https://www.thinglink.com/scene/608322215900872704Related: e-learning • Apprendre à apprendre • Creativity & Service Design • Former au 21e siècle • Enseignement
Are You Ready for Responsive E-Learning Design? December.10.2015 By: Ruby Spencer In 2014, 20 percent of the world’s population owned a tablet device, with a growth rate of 30 percent from 2013. Desktop computers and laptops are predicted to lose popularity from 2016 onward as tablet sales soar, according to a Statsitica.com forecast for global shipments of tablets, laptops and desktop PCs from 2010 to 2019. Until recently, companies needed to have a different website version for every device, which became increasingly complex, not to mention expensive, as more devices and technologies popped up, such as Android, iPhones and Kindles, to name a few. This was until the birth of responsive design, which uses HTML5 coding language to allow a single build to display and function on multiple devices, including desktop computers, tablets and smartphones.
The Secret to Student Success? Teach Them How to Learn. Sometimes the details former students recall from class is nothing short of amazing. A few years ago I had a student named Abby in my history class, who had always been in self-contained special education classrooms. Her teacher wanted her in my class for socialization purposes, and she did well. A year later, Abby began stopping by my class to deliver notes from the office a few times a week and I was always delighted to see her. 35 Educational Resources to Encourage Inquiry & Inventive Thinking This is a sponsored post. I’ve scoured the internet, including all of my favourite social media sites, to bring you a fantastic collection of online inquiry and inventive thinking resources that I know will inspire and motivate both you and your students. The collection includes Lego, science, practical activity ideas, engineering, videos, animation, technology and a tonne of fun facts – so there is sure to be something for everyone! Sean Kenney Lego Certified Master Builder’s YouTube Channel: Best-selling author and artist, Sean Kenney, uses LEGO toys to build anything and everything you can imagine. CSIRO Crest: CREativity in Science and Technology (CREST) is an Australian non-competitive awards program supporting students to design and carry out their own open-ended science investigation or technology project.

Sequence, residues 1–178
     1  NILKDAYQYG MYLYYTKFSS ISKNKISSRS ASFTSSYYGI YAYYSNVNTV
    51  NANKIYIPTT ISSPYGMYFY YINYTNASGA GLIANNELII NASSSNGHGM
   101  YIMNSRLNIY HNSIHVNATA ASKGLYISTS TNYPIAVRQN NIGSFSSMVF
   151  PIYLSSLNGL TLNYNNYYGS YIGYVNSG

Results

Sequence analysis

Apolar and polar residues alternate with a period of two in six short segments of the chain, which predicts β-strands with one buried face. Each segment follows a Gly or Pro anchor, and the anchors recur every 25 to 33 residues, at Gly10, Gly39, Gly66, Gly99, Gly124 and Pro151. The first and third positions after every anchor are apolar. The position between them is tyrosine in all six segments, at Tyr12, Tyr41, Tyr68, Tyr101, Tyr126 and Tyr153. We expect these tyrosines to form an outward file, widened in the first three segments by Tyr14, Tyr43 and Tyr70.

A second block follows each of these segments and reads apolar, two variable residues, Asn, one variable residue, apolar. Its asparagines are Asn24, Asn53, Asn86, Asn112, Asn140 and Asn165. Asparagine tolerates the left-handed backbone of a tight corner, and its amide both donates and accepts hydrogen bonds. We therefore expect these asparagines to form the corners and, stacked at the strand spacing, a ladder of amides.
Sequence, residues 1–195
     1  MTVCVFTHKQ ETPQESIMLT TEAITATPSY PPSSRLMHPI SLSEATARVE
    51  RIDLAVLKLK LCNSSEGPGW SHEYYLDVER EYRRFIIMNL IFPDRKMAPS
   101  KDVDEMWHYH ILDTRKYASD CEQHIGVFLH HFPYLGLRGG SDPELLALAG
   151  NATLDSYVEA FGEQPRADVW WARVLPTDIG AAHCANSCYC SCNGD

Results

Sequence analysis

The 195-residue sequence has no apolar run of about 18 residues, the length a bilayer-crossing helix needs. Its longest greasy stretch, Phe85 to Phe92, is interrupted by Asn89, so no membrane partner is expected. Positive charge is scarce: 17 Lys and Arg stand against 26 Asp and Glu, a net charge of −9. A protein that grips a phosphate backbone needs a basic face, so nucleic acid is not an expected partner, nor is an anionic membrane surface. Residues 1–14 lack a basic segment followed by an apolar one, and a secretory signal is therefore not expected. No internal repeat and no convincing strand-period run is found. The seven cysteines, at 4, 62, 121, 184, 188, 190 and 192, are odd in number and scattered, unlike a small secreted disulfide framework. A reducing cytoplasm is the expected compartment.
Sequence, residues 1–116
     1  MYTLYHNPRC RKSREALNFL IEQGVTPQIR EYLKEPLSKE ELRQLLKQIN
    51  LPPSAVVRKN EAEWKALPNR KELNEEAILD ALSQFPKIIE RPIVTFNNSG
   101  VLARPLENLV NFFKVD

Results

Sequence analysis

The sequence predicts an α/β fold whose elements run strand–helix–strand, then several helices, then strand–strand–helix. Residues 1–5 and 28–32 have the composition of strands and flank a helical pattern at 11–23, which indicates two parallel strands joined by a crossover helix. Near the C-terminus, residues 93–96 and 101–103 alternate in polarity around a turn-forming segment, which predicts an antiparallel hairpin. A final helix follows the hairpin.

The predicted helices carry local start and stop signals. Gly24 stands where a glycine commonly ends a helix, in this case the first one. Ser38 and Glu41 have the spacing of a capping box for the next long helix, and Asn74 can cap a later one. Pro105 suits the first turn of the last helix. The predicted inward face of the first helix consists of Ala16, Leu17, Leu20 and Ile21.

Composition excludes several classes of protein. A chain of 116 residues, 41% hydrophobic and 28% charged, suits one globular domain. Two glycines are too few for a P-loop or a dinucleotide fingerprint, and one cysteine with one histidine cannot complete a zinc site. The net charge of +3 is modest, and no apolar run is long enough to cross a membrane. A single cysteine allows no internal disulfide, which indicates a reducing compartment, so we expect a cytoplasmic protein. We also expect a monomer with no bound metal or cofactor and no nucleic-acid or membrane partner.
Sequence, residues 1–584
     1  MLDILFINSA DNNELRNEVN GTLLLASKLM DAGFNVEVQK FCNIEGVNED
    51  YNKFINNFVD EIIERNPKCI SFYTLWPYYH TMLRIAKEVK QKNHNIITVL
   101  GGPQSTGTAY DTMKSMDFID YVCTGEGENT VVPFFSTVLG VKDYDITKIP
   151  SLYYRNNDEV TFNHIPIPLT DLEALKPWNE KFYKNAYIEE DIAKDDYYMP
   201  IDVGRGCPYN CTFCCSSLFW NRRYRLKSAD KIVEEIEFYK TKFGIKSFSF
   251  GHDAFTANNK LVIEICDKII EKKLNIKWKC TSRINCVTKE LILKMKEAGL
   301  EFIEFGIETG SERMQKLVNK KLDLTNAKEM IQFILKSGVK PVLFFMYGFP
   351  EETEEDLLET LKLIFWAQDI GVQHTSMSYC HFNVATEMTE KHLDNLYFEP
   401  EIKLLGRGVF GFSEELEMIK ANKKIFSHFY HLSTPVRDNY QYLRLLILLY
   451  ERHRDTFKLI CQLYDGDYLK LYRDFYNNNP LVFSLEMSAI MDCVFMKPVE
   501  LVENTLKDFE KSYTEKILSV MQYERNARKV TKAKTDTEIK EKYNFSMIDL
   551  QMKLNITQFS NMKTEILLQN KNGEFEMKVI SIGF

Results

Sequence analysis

10 Easy Things to Try in Your Classroom in 2015 As we start the second half of the 2014-2015 school year hopefully you are feeling energized to try some new things. Here is a list of 10 suggestions: The furniture you have in your classroom helps to shape the culture of your classroom. Try tossing some of the desks and replace them couches, stand up bar tables, round tables, bean bags, etc… Create a space that invites more collaboration. Search is the new literacy. Learn a couple of advanced searching techniques and embed them into your lessons with your students to help them become better at searching.
Effective eLearning Course Development: 7 Tips For eLearning Professionals Want to learn how to take your eLearning course development to the next level and leave a lasting impression upon the mind's of your audience? This article features tips and tricks that can give you the ability to create eLearning courses that always achieve their learning objective, even if you're new to the world of eLearning. There's no secret formula behind developing powerful eLearning experiences. It's impossible to create an all-inclusive list that highlights each and every element you should include in your eLearning course, because each one is wholly unique. However, in this article I'll share a variety of invaluable tips that can help you develop effective and engaging eLearning courses, regardless of your subject matter or your audience. Learn as much as possible about your learners beforehand.